The federal government is offering up two prime, if outdated, buildings in Southwest D.C. to a developer in exchange for renovation work on the General Services Administration headquarters and the St. Elizabeths campus.
The GSA issued a request for qualifications today for a developer to renovate the GSA headquarters at 1800 F St. NW in order to consolidate around 1,500 regional employees from nearby offices into the building, as well as to renovate up to three buildings on the St. Elizabeths West Campus south of Anacostia, where the Department of Homeland Security is planning to establish a new headquarters. In exchange, the agency would give the developer two buildings: the vacant Cotton Annex at 300 12th St. SW and a GSA regional office building two blocks to the east.
“We think that this represents an opportunity for us to reexamine how we use these buildings and reassess how this space fits into the community around these buildings,” Dan Tangherlini, the GSA administrator, said on a conference call with reporters. Tangherlini called the two buildings the GSA is looking to unload “outdated” but “primed and ready to go.”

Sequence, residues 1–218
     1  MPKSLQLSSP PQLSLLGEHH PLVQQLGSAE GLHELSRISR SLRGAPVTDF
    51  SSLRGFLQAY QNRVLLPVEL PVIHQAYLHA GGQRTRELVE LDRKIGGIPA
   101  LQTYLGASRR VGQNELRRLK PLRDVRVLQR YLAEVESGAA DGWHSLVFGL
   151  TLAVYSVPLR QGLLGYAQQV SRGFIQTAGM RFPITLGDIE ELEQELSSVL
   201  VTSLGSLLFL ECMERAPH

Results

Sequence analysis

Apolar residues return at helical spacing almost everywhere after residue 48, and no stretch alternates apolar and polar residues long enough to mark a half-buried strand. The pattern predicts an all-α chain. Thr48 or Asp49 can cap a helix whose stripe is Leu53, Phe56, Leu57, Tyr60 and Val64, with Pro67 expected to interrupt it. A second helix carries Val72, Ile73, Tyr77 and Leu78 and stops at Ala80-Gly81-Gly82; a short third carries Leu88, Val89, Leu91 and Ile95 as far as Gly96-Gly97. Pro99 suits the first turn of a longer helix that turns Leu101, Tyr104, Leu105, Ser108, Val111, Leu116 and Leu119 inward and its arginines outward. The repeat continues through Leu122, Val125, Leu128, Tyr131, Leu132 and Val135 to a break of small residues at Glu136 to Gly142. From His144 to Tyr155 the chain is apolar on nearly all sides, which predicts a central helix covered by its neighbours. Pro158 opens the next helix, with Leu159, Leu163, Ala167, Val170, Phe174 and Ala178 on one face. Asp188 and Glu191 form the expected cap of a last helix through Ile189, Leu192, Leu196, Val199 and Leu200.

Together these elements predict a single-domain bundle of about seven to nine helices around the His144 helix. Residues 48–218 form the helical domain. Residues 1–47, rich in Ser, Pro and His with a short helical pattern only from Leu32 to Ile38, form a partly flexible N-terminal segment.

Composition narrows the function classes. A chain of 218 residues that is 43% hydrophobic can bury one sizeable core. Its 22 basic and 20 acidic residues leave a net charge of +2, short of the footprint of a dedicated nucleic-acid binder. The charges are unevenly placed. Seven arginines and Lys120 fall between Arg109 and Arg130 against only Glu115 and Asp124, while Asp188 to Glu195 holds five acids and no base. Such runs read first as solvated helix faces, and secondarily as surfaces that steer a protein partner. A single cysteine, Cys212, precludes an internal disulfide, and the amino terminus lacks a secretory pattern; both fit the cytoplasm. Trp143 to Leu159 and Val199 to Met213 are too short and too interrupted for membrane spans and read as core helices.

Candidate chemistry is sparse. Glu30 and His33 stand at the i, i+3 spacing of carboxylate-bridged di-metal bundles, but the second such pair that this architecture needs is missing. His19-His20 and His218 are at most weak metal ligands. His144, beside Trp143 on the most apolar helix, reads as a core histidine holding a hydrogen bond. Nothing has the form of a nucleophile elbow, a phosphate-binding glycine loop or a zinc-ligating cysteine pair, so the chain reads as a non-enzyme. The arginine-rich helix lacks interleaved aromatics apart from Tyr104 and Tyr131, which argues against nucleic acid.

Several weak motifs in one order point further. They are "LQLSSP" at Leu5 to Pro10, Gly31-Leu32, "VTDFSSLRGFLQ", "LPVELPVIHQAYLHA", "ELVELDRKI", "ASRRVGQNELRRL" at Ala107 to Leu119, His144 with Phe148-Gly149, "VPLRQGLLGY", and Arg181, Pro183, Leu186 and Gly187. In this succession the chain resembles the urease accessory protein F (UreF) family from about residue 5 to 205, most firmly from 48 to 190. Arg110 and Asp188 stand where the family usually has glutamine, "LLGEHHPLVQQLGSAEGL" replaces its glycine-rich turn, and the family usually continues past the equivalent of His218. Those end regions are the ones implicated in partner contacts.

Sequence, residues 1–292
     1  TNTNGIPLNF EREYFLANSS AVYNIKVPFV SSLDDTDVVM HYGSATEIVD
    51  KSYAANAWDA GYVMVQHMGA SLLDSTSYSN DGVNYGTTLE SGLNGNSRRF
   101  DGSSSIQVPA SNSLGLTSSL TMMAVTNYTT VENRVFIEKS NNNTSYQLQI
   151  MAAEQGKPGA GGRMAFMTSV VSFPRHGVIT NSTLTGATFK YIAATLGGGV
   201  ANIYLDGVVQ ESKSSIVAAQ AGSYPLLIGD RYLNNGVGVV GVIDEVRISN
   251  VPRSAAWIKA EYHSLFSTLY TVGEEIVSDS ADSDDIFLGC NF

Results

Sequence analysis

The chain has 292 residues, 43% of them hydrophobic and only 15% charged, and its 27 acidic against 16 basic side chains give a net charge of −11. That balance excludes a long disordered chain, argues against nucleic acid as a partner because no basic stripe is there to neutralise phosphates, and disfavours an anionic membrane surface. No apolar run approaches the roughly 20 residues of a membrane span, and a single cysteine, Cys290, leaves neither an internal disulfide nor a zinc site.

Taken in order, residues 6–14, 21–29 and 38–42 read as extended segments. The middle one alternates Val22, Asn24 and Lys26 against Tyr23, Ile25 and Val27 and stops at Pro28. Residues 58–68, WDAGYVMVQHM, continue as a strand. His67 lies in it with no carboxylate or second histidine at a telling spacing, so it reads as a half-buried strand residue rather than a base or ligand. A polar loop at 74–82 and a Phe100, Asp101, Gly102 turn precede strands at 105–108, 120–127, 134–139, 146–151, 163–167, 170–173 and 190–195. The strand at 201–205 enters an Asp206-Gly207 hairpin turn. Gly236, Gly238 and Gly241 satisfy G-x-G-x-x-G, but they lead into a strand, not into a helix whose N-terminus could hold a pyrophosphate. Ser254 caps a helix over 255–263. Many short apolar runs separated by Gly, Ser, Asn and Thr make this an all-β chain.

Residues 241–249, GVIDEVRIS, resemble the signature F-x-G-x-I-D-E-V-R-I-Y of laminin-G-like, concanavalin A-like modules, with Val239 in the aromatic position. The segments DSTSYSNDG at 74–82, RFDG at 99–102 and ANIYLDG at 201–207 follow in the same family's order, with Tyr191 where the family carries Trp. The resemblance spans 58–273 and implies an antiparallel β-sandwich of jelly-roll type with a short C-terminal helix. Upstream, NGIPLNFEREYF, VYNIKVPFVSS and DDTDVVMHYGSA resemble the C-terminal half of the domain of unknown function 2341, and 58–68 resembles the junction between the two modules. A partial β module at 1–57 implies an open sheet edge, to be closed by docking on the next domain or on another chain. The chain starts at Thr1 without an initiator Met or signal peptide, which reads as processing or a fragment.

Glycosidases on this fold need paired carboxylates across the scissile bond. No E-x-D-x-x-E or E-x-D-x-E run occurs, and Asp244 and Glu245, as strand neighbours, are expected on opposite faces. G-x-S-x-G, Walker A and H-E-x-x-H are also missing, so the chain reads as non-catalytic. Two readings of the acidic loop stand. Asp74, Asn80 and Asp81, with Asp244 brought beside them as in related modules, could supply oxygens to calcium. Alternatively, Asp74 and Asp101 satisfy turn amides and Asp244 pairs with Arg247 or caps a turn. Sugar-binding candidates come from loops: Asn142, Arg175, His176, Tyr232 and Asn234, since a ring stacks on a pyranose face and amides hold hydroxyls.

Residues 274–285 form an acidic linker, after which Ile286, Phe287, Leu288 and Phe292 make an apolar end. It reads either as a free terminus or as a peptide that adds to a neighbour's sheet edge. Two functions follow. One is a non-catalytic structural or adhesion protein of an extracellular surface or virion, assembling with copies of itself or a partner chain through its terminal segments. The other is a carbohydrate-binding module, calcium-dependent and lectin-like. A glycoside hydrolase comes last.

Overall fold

The move conforms with two broader initiatives by the GSA, which manages federal office buildings: one to downsize its footprint—-exemplified by the move to shared workspaces in the agency’s own headquarters—-and another to convert the federal office enclave south of the National Mall into a vibrant, mixed-use neighborhood dubbed “Federal Triangle South.”
The Federal Triangle South plan involves the two properties listed in today’s RFQ, plus two bigger ones: the Department of Energy and Federal Aviation Administration buildings on Independence Avenue SW. The latter buildings, Tangherlini said, are “much more complicated projects,” and their fate will be decided later, based in part on the success of the current undertaking. “We’re trying to gain a sense from the experience we have with these buildings,” he said.
Responses from interested developers are due by May 22. This summer, the GSA will invite short-listed respondents to submit a more detailed proposal by the fall. The agency hopes to have a development agreement in place by next spring or summer.
Illustration by Jandos Rothstein